One of the striking trends during the pandemic has been the acceptance of automation technologies by a previously tepid public. Retail in particular has accelerated development of automation, including robotics, which will result in a quick rollout over the next few years. A new survey by RetailWire and Brain Corp, an artificial intelligence (AI) company creating core technology in robotics, including cleaning robots, supports the conclusion that COVID-19 has hastened automation development and adoption. Robots used for tasks such as floor cleaning and shelf scanning, both in stores and in warehouses, are selling briskly, and sentiment among retailers broadly supports adoption. The survey results are included in an executive summary available online, "Robots in Retail: Examining the Autonomous Opportunity."
There's a lot more to keeping your Roomba clean than simply emptying its bin now and then. Take a closer look at your Roomba's brushes, for example, and you'll probably see they're tangled in hair. A Roomba's cliff sensors, which help to keep it from tumbling down the stairs, can likewise become blocked by a layer of grime, while its dust filter will gradually become clogged with debris. If you give your Roomba the occasional deep clean, you'll not only extend its life, you'll also boost the quality of its cleanings. Our Roomba cleaning guide will take you through four primary areas when it comes to keeping a Roomba spic-and-span: cleaning its brushes, cleaning its wheels, scrubbing its sensors and charging contacts, and cleaning its dust filter.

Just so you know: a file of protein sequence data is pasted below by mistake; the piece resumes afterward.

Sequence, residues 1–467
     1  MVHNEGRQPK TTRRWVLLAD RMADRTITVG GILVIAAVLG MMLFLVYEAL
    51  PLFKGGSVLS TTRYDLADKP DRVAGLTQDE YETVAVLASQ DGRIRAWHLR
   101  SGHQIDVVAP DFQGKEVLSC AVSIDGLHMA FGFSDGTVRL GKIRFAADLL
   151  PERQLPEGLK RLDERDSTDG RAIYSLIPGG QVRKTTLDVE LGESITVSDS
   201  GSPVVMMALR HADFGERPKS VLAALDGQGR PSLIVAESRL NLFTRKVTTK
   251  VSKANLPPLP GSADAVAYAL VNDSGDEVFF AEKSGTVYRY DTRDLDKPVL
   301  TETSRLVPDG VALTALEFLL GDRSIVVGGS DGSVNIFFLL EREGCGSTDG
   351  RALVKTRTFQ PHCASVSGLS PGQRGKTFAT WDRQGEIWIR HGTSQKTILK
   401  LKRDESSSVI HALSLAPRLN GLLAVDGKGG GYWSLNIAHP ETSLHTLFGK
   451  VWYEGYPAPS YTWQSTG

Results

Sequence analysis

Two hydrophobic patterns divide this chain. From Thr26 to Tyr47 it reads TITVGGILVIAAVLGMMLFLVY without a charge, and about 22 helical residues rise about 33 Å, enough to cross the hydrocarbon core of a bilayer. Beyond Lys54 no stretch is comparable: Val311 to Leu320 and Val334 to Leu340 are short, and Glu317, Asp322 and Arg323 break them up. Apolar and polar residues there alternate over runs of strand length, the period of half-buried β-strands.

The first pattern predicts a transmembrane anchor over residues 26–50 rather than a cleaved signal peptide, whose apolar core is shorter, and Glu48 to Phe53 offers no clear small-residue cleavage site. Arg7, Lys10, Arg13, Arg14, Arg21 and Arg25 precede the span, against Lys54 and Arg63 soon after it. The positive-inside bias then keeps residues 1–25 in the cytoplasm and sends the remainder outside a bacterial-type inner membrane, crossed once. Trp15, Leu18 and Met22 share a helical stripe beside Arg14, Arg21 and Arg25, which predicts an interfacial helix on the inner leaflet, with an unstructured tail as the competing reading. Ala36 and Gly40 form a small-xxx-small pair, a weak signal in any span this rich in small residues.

South Koreans must learn how to work alongside machines if they want to thrive in a post-pandemic world where many jobs will be handled by artificial intelligence and robots, according to the country's labor minister. "Automation and AI will change South Korea faster than other countries," Minister of Employment and Labor Lee Jae-kap said in an interview Tuesday. "Not all jobs may be replaced by machines, but it's important to learn ways to work well with machines through training." While people will have to increase their adaptability to work in a fast-changing high-tech environment, policymakers will also need to play their part, Lee said. The government needs to provide support to enable workers to move from one sector of the economy to another in search of employment and find ways to increase the activity of women in the economy, he added.